• Dido continues to conjecture why Aeneas, “cruel one”, would be busied on his ships “even in winter” when doing so would mean to “journey over the seas 🌊 in the midst of the northern winds” as the winter season was the stormy season in the Mediterranean Sea.
  • Another question continues Dido’s thought of Aeneas’s odd time of leaving by hypothesizing that even if Aeneas wasn’t departing for a new location, but ancient Troy 🏛️ still remained, Aeneas still wouldn’t leave in the middle of winter ☃️ to a place he was comfortable with already. This set up her point since Troy has fallen: Why would Aeneas be leaving to a location he doesn’t even know?
  • There’s only one possible answer that originally comes to Dido’s mind: it must be because of me. Dido begs Aeneas to not leave her by her own tears 😭, Aeneas’s right hand in pledging his oath, their “wedding” and their “marriage.” Dido hasn’t done anything else other than giving everything she has towards Aeneas. Aeneas is obligated to stay since Dido gives while Aeneas receives in their unbalanced relationship.

Even after Dido's begging for Aeneas fails, this depiction details Anna, Dido's sister, in attempting to beg Aeneas to stay as well. Aeneas is sure of what has to be done. Image Courtesy of Munich Digitization Center

  • Dido tells Aeneas to have compassion for her legacy 🎖️ that will fall apart if he leaves and if there is any supposed room left for prayers, Dido finally highlights to banish the thoughts of leaving.
  • Dido transfers her attention to continuing how her reputation : would be harmed if Dido left. The “Libyan people and Numidian tyrants” including King Iarbas of Numidia hate Dido all because Aeneas and even her own Carthaginians are aggressive 👊 referring to her people not approving of their relationship. Dido’s reputation and honor are lost because of Aeneas which could mean immortality, although clearly hyperbolized.
  • Dido, “a dying woman” metaphorically and literally killing her ☠️, doesn’t understand why this “guest”, not “husband” is abandoning her which is all that is left from the vow made after her former husband, Sychaeus’s death. “What’s left for me” in terms of staying alive and remaining in Carthage as either Pygmalion, Dido’s brother, sieges the city or King Iarbus takes her captive.
  • Dido concludes by mentioning that she would not “feel me so cheated and abandoned” if she had only conceived a child 👶 from Aeneas before he fled for Italy to remind her of Aeneas’s former self.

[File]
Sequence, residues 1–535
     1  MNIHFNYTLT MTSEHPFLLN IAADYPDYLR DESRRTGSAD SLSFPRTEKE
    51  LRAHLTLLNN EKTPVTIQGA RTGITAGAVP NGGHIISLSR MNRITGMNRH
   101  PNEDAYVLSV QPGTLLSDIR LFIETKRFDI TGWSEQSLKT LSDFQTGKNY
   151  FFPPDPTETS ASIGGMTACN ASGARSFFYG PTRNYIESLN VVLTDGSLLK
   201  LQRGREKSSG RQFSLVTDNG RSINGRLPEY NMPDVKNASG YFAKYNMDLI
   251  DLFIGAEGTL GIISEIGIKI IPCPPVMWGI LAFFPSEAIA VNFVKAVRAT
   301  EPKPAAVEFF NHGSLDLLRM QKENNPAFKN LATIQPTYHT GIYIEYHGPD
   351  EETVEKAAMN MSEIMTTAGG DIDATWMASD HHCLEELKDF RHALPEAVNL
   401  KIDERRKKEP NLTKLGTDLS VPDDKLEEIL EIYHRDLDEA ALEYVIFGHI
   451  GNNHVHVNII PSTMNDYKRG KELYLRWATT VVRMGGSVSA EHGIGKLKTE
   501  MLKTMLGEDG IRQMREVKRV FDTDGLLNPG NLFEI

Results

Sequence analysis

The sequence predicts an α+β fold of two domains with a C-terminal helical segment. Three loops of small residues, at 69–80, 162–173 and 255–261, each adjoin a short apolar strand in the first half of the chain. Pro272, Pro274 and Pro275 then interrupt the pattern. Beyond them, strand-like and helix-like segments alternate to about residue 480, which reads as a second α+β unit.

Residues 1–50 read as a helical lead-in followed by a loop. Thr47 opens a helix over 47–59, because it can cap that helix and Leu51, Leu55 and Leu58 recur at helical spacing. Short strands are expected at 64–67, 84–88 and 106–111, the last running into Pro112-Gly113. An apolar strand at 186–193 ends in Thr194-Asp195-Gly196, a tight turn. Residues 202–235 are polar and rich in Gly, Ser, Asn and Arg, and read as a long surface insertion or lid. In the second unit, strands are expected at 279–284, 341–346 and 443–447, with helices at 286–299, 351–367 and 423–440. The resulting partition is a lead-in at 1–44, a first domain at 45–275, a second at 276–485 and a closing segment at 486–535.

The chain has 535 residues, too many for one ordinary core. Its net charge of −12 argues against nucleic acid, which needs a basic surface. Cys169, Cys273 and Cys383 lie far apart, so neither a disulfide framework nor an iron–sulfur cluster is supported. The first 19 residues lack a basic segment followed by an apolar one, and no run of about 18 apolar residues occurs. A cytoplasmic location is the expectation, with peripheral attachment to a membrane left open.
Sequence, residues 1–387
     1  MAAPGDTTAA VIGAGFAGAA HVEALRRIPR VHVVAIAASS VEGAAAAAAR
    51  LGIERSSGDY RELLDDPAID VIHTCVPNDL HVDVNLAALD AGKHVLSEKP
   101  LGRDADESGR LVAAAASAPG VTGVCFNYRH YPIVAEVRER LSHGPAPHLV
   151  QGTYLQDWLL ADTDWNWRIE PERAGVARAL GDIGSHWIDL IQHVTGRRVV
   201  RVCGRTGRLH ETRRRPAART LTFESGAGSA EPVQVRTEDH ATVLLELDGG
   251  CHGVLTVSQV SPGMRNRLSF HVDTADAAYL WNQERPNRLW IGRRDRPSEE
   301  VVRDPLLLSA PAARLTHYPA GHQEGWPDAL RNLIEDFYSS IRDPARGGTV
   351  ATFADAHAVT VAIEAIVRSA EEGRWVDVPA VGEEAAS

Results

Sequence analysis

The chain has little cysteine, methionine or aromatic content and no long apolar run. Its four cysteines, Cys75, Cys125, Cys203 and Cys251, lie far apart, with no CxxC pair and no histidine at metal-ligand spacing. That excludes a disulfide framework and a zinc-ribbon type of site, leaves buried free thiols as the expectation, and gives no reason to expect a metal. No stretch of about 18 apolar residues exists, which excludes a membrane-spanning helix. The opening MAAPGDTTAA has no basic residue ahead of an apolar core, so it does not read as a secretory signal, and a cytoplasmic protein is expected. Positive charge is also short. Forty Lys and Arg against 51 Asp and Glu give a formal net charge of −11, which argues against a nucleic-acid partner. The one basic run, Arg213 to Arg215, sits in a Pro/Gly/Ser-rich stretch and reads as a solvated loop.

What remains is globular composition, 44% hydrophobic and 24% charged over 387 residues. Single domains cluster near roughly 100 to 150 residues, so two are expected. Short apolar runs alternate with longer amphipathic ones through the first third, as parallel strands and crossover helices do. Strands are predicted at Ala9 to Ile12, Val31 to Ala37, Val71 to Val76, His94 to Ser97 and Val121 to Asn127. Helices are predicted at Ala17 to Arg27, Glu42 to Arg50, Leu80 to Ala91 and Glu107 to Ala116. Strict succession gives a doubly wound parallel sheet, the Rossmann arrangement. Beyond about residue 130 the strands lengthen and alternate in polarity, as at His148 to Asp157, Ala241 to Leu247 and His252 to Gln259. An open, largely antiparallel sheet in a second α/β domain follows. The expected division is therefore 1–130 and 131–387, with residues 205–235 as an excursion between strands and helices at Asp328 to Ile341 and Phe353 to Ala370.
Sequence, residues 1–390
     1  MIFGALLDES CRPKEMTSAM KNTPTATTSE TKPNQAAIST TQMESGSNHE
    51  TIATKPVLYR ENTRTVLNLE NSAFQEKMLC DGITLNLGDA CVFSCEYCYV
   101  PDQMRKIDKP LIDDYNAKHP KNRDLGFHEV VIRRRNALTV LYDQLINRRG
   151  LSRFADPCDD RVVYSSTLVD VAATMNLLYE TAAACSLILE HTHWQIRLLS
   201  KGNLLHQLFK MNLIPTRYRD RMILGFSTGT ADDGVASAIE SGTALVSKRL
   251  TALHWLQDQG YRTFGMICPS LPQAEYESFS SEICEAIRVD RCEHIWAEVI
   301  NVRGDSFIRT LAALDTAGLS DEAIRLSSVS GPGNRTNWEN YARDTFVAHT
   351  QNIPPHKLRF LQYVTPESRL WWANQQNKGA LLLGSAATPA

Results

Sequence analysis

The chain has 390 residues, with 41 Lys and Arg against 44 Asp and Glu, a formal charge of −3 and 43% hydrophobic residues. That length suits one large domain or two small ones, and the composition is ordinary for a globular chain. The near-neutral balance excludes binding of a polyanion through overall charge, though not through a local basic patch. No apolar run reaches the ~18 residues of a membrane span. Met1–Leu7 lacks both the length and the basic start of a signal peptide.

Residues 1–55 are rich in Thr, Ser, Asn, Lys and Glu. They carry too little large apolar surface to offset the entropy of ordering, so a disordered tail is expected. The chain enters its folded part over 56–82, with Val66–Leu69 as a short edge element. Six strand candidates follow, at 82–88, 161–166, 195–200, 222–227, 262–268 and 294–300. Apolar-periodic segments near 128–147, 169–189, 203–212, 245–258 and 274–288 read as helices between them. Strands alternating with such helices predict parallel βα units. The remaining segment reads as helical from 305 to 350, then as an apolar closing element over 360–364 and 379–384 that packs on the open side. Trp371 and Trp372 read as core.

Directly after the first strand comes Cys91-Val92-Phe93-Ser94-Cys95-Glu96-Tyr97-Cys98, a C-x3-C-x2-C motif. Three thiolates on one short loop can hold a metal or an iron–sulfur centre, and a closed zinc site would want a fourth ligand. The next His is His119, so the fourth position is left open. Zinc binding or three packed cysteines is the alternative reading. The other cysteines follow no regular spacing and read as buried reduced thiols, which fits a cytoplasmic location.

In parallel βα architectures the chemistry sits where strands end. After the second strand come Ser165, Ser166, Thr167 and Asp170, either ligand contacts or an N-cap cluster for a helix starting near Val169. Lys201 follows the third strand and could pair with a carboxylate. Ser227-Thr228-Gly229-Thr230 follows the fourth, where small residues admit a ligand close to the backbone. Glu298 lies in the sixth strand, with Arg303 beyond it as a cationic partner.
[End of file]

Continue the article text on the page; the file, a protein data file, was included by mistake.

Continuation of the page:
Depiction of Ascanius, the son of Aeneas. Dido only wishes she bore a child as Aeneas did with his wife, Creusa. Image Courtesy of Guillaume Rouillé's Promptuarii Iconum Insigniorum

  • Dido is done speaking, and Aeneas “sets his mind firmly on Jupiter’s warnings” and although moved by Dido’s words, hides his pain 🤕 and replies with his rebuttal. Aeneas proclaims that Dido doesn’t deserve all of this happening to her, but her injuries aren’t only merely caused by her complaints. Aeneas’s thought of Elissa, another name for Dido, won’t be altered in any way while Aeneas can still remember and remain alive.
  • Aeneas will “briefly address the charge.” Aeneas never meant to hide his departure from her, but never “held the marriage torch 🔦” nor “entered into the pact.” Simply, Aeneas never thought of them to be “married”, but only within Dido’s own imagination.
  • Aeneas transfers the approach of his speech to what Aeneas could do what he wanted to do, he would have not stayed in Carthage with Dido, but rather provided defense ⚔️ and in the end, saved Troy. The city would still be standing and built to higher levels of success rather than finding a new city.
  • In Book III, Aeneas is ordered by Apollo through Helenus, which instructed him to go to Italy, ultimately prophesying Aeneas’s creation of Rome 🇮🇹. Aeneas, who is acting like Apollo not following his duties, remembers that Italy “is my destiny, that is my country” and he must follow through, not on Dido and Carthage.

Portrayal of Helenus, the prophesier that informed Apollo to order Aeneas to head towards Italy to found Rome. Image Courtesy of Wikia

  • It’s ironic 🤷 that Dido reprimands Aeneas as she is a foreigner in Carthage, a Phoenician queen, but envies Aeneas and the Trojans to settle in Italy. “It’s the divine right for us to seek a foreign kingdom.”
  • Aeneas motions his speech to his father’s terrifying ghost 👻 in Aeneas’s recurring dreams. Aeneas mentions the wrong that he would be doing to his son, Ascanius, and how he would be cheating him “of a Hesperian kingdom” that he could someday rule. Even now, after the message of Mercury commanded by Jupiter, Dido doesn’t believe 🤥 the fact that his departure could have been ordered by a god, although Aeneas “spotted him in broad daylight” and his “ears drank his words.”
  • Lastly, Aeneas asks Dido to stop stimulating herself and him with complaints, and ends by saying that “I go to Italy, not on my own accord.”